The Gruesome Tale of the Laughing Death Epidemic
The symptoms were gradual but inexorable. It began with headaches, joint pain and tremors in the hands and feet, mild at first but growing steadily in intensity. The victims’ movements became increasingly uncoordinated and clumsy, their stance and gait unsteady. Soon they were unable to walk at all, racked by severe tremors and muscle spasms. And then came the most alarming symptoms of all, as victims began bursting into tears or uncontrollable laughter without provocation. Confusion, delirium, and paralysis followed, until they were unable to move, speak, eat, or make eye contact. Finally, 12 months after the onset of symptoms, came the inevitable arrival of death. This was Kuru, a terrifying and incurable neurodegenerative disease that for nearly 100 years terrorized the Fore [“four-ay”] people of Papua New Guinea. For more than half a century the origins of Kuru remained a mystery, until in the 1960s groundbreaking research revealed it to be caused not by a bacterium, virus, parasite, or even a fungus, but something far stranger.
In 1914, in the early stages of the First World War, the Australian army invaded and occupied the Imperial German colony of New Guinea. What eventually became known as Papua New Guinea would remain under Australian control for another 70 years, and over the following decades missionaries and Colonial Patrol Officers or “Kiaps” penetrated deeper and deeper into the interior in an attempt to bring christianity and western legal, administrative, and medical practices to the indigenous peoples of the island. In the early 1950s, reports began filtering back from Colonial officials of a strange and incurable disease plaguing the indigenous people of the Eastern Highlands, including the Fore and neighbouring Awa, Yate [“yatt-ay”], and Usurfa. Known to the Fore as kuru, from the word kuria meaning “to shake” or “to tremble,” the disease caused a progressive loss of muscular control and invariably death. Kuru was also known as “nagi-nagi” or “laughing sickness” after the tendency of victims to burst into spontaneous laughter in the latter stages of the disease. Thought to have originated sometime in the early 1900s, by the 1950s Kuru had grown into a full-blown epidemic, killing around 200 Fore – or 1% of the population – every year.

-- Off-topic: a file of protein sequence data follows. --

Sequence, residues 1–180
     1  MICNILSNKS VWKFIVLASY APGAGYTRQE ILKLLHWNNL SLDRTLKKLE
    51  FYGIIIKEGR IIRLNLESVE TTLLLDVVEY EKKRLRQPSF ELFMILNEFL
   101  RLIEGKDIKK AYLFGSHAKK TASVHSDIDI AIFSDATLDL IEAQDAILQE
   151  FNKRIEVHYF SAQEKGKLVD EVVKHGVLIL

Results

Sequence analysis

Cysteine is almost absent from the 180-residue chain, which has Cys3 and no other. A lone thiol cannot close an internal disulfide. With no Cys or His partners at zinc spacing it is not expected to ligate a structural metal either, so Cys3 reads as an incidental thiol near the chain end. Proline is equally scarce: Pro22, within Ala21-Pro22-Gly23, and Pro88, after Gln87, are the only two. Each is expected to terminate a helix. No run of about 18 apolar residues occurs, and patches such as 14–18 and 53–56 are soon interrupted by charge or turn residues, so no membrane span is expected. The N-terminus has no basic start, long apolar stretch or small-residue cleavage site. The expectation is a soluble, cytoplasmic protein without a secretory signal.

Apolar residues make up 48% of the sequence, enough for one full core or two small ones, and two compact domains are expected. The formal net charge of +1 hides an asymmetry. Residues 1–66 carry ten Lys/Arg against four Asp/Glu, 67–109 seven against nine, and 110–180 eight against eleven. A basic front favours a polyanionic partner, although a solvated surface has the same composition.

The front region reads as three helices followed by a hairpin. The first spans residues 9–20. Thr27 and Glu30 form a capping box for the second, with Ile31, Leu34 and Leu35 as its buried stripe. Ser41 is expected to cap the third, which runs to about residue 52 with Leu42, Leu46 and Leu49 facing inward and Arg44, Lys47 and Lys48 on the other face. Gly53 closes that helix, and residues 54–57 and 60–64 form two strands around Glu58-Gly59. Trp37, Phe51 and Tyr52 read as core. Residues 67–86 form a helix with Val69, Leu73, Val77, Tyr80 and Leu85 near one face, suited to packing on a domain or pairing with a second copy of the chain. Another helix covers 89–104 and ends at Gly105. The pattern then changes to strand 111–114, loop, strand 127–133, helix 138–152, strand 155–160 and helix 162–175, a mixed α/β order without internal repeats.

The first westerner to describe Kuru was Colonial patrol officer Arthur Carey, who observed in a 1951 report that the disease disproportionately affected Fore women and children over the men. The disease was also described by anthropologists Ronald and Catherine Berndt in 1952 and patrol officer John McArthur in 1953. However, all dismissed the epidemic as a purely psychosomatic phenomenon, a form of mass hysteria deriving from Fore beliefs in witchcraft and spirit possession. Indeed, the Fore themselves initially believed that Kuru to be caused by malicious sorcerers from rival groups, who would acquire parts of the victim’s body such as hair or nail clippings and combined with clothing, leaves, blood and other materials to form a “kuru bundle.” The sorcerer would then shake the bundle daily until the telltale tremors of kuru were induced in the intended victim.
However, American virologist Daniel Gajdusek and physician Vincent Zigas strongly doubted that Kuru could be purely psychological, writing to Ronald Berndt that:
“…our current opinion [is] that fatal kuru cannot by any stretch of the imagination be identified with hysteria, psychoses or any known psychologically induced illnesses. The evidence for direct nervous system damage is far too great in the strabismus [drooping or crossed eyes], and pictures of advanced neurological disease shown by the advanced cases.”